“Luckily, Sue made it to the wedding,” jokes Sean. “It would have been hard without her.”
The next fall, Sean began his first year at HLS, but he says Jason and the clinic continued to be instrumental in the couple’s journey through the immigration process as Sue applied for permanent residency. “During my 1L year, Jason even came to our interview at U.S. Citizenship and Immigration Services in Boston, which went well,” she says.
With Sue now by his side, Sean delved into his studies and pursued a variety of interests at HLS. He focused on international law and began working with Professor Alford, who had originally urged him to apply, and who became one of Sean’s mentors. Professor Alford also served as Sean’s faculty advisor during the January 2020 term, when he traveled to Taiwan on an HLS East Asian Legal Studies grant to research Beijing’s interference in Taiwan’s 2020 elections. Sean’s paper received the Yong K. Kim ’95 Memorial Prize and will be published as a student note in the summer 2021 issue of the Harvard International Law Journal.
Sean’s passion for U.S.-China relations also found an outlet in the “Water Wars” column on Lawfare, a website co-run by Jack Goldsmith, Learned Hand Professor of Law. And Sean’s capstone paper, which he submitted for his joint degree, concerns how the U.S.-China rivalry is reshaping international law. He was invited to present his work to professors and fellow students as a Cravath International Fellow and Salzburg Cutler Fellow this year.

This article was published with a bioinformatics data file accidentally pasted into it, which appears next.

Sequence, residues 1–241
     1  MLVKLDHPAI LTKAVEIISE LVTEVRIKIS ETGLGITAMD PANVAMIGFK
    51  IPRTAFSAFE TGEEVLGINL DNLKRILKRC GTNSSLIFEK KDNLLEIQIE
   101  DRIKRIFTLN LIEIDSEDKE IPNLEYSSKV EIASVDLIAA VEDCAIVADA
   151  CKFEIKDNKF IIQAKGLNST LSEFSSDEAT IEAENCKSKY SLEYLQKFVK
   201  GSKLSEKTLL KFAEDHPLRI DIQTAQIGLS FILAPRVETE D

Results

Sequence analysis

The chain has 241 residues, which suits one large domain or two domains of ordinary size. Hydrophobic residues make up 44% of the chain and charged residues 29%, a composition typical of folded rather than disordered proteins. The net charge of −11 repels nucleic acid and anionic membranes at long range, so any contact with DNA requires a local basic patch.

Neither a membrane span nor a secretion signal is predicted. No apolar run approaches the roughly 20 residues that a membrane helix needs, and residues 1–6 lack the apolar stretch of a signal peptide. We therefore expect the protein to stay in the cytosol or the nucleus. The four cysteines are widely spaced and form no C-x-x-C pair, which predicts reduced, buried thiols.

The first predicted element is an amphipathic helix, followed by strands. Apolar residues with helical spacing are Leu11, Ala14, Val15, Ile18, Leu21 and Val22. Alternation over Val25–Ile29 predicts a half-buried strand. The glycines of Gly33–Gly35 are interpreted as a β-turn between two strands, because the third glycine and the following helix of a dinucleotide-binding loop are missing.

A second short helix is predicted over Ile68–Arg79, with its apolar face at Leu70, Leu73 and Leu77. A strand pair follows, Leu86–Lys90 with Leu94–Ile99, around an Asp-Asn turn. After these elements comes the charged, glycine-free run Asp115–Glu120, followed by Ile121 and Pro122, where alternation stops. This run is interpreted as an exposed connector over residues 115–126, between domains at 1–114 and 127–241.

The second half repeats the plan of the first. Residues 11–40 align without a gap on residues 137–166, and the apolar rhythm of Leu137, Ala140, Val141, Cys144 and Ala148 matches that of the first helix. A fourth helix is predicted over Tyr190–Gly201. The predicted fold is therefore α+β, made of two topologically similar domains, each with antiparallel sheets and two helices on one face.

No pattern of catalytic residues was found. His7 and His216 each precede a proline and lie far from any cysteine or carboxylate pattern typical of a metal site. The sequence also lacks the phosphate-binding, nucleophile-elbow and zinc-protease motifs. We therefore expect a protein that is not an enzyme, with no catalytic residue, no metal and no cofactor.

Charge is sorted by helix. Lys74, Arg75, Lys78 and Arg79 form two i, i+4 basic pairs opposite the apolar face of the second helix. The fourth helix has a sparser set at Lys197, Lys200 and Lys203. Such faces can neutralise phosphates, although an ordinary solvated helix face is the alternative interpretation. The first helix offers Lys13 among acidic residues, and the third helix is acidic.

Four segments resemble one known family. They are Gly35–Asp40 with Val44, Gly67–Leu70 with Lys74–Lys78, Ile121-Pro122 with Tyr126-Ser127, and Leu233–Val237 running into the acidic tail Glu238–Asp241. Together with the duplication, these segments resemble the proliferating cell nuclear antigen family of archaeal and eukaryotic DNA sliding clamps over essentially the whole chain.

As a veteran, Sean also became a co-director of the university-wide Harvard Veterans Organization. With co-director (and fellow HLS student) Stephen Petraeus ’21, he has worked to connect veterans’ groups like the HLS Armed Forces Association to veteran students and events at Harvard’s other schools. Sean says the group also advocates for issues important to student veterans, as well.
“When the pandemic started, there was a lot of worry that the GI Bill’s housing allowance would get cut because people wouldn’t have to be in Cambridge anymore,” he says. “We coordinated with our alumni leadership in D.C. to see if there was going to be any legislation to change it. They informed us that one of the coronavirus relief packages would ensure that the housing allowance remained the same, and we were able to assuage some of the concerns students had.”
Sue also found a community in the group. “The Harvard Veterans Organization offered me an opportunity to meet veteran spouses who became my friends,” she says.
Today, thanks to Jason Corral and the HLS Immigration and Refugee Clinical Program, Sue has her permanent green card, and the couple has relocated to Washington, D.C. as Sean prepares to graduate magna cum laude and join Covington & Burling LLP, an international law firm. He also will be clerking for a federal judge in the United States District Court for the Southern District of New York the following year.
Sean and Sue both say they are grateful to Harvard Law School — not only because of Sean’s exceptional educational experience, which he says will launch him into his new career, but because of all the help its faculty and staff provided throughout Sue’s immigration process.
“We are both so thankful for the support and experiences we’ve had at HLS,” says Sue.